Concert review: Exhilaration, Adelaide Symphony Orchestra

Pianist Alexander Gavrylyuk plays Prokofiev with outsanding clarity and precision.

There are occasional moments in the concert hall when you can’t help but be awed by the brilliance of both composer and performer. It was such a moment for Adelaide audiences when celebrated Ukranian-Australian pianist Alexander Gavrylyuk gave an impressive account of the truly exhilarating Piano Concerto no. 1 by Sergei Prokofiev. 

Written in 1911, when Prokofiev was a mere 20 years old, this is a huge piece for both soloist and orchestra. The piano solo is audacious in the extreme with powerful cadenzas and  great dashing legatos, making huge demands on the pianist for speed and precision. Only the most agile and accomplished pianist can really play this with confidence and Gavrylyuk excels on both counts. 

It’s no coincidence that Prokofiev was himself a brilliant pianist, as well as composer. This is a modernistic piece that was written by someone who understands the heart and soul of the instrument and the capacity of the player.

The First was dispensed with debonair aplomb by Gavrylyuk, who has performed this work regularly in concert halls around the world. His glistening brow at the end was the only indication of the intense physicality of the work. And the Adelaide Symphony Orchestra gave a strong performance under the assured baton of visiting conductor Teresa Riveiro Böhm.

The great swirling climax of the third allegro scherzando movement was just superb. The audience clapped and cheered fulsomely, the players of the ASO applauded, and Gavrylyuk spontaneously hugged Riveiro Böhm in a celebratory embrace. And then he rewarded the audience with a delightful solo encore before taking his leave.

The wonderful First was actually the second piece on the ASO’s aptly named Exhilaration program. Ahead of this we heard the charming Mother Goose Suite by the French impressionist composer Maurice Ravel. This is wonderfully lyrical ballet music and is highly evocative of the Charles Perrault fairy tales on which it is based. The woodland creatures, the birds, and the fairies all come to life here in delicate colours with lovely work from the harp, woodwind, and percussion. There is even a tribute to another great French composer of the same period, Erik Satie, best known for the Gymnopedies.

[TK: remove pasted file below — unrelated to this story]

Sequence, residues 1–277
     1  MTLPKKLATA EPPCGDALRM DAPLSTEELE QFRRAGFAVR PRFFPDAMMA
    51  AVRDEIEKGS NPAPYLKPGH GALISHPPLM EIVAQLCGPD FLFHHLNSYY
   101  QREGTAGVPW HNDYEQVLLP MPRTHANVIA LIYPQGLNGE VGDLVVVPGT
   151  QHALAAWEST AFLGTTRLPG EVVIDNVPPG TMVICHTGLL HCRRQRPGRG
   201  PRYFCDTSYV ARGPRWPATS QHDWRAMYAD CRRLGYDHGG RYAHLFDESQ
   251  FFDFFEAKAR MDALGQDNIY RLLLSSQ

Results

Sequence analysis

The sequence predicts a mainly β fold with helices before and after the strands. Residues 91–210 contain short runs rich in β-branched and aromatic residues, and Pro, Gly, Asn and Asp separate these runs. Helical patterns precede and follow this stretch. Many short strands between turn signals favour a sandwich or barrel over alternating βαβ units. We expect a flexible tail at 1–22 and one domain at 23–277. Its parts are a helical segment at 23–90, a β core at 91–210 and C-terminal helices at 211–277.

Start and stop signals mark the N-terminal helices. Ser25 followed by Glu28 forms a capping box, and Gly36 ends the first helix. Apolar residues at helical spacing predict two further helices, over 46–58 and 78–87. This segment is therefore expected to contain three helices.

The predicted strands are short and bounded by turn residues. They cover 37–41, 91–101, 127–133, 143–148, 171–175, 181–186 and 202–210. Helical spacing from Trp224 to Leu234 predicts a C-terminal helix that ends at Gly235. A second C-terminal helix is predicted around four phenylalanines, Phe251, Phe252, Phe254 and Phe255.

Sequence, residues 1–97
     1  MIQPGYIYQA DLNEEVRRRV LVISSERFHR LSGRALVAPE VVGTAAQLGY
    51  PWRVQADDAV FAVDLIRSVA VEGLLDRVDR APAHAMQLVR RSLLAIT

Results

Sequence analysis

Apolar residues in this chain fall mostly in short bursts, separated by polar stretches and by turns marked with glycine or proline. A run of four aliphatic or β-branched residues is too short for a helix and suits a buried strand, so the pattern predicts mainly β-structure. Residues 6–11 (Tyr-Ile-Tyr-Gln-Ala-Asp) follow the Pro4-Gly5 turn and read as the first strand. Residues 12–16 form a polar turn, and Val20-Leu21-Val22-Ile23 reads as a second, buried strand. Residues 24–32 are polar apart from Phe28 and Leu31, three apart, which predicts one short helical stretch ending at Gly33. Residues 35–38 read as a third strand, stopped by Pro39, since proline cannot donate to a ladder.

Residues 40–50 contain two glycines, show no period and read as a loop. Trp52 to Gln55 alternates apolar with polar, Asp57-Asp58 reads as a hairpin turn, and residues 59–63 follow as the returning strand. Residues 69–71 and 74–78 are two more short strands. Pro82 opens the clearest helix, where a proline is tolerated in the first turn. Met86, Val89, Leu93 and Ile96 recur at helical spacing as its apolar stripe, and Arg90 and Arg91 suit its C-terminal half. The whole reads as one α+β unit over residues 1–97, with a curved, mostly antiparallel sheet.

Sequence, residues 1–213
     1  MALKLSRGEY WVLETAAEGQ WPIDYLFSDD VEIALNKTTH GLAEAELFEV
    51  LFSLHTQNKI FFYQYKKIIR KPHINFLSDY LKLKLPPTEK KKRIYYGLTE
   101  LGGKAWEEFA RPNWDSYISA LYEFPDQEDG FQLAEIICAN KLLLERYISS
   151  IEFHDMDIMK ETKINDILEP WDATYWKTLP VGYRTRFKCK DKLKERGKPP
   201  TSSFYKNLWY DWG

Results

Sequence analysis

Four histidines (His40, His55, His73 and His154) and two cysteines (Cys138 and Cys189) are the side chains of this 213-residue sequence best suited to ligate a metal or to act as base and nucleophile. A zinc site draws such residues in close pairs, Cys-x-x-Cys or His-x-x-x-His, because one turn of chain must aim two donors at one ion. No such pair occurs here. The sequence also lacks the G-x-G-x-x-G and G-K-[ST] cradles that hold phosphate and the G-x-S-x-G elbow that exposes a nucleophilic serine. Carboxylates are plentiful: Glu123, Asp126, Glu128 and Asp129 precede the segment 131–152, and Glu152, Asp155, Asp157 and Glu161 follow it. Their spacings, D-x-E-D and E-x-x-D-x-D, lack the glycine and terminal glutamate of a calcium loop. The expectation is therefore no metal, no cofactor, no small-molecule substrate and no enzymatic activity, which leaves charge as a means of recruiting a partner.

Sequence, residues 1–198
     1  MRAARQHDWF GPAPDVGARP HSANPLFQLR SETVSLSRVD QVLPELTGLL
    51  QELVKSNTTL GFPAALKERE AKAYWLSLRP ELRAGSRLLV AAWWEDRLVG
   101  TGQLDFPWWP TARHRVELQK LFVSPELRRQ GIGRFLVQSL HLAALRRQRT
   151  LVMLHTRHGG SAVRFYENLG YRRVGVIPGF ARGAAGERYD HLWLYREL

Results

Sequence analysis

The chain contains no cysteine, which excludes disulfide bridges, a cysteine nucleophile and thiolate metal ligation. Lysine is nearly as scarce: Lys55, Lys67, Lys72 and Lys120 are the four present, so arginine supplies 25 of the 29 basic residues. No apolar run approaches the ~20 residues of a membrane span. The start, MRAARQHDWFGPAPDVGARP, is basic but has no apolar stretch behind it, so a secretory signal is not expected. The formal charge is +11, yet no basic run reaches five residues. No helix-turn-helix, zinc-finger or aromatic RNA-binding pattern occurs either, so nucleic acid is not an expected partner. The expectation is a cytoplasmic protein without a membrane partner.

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After interval there was a lesser-known piece, an overture by Polish composer Grazyna Bacewicz. At just six minutes, this dramatic piece has much to say about the realities of life during the Second World War.

And then it was into another much-loved balletic piece, The Firebird Suite by Igor Stravinsky. Again, the confidence of a young composer, in this case a youthful 28, was on display. Stravinsky repeatedly challenged musical conventions and in doing so composed beautiful scores that were both original and timeless. 

This was indeed an exhilarating program and it was a delight to see the young Austrian-Spanish conductor Teresa Riveiro Böhm on her first engagement with the ASO. She has a vivid and open physical style and clearly enjoyed keen rapport with the soloist and players.

ASO Symphony Series 7, Exhilaration was performed on 13-14 October at Adelaide Town Hall.

Dr Diana Carroll is a writer, speaker, and reviewer based in Adelaide. Her work has been published in newspapers and magazines including the Sydney Morning Herald, The Australian, Woman's Day, and B&T. Writing about the arts is one of her great passions.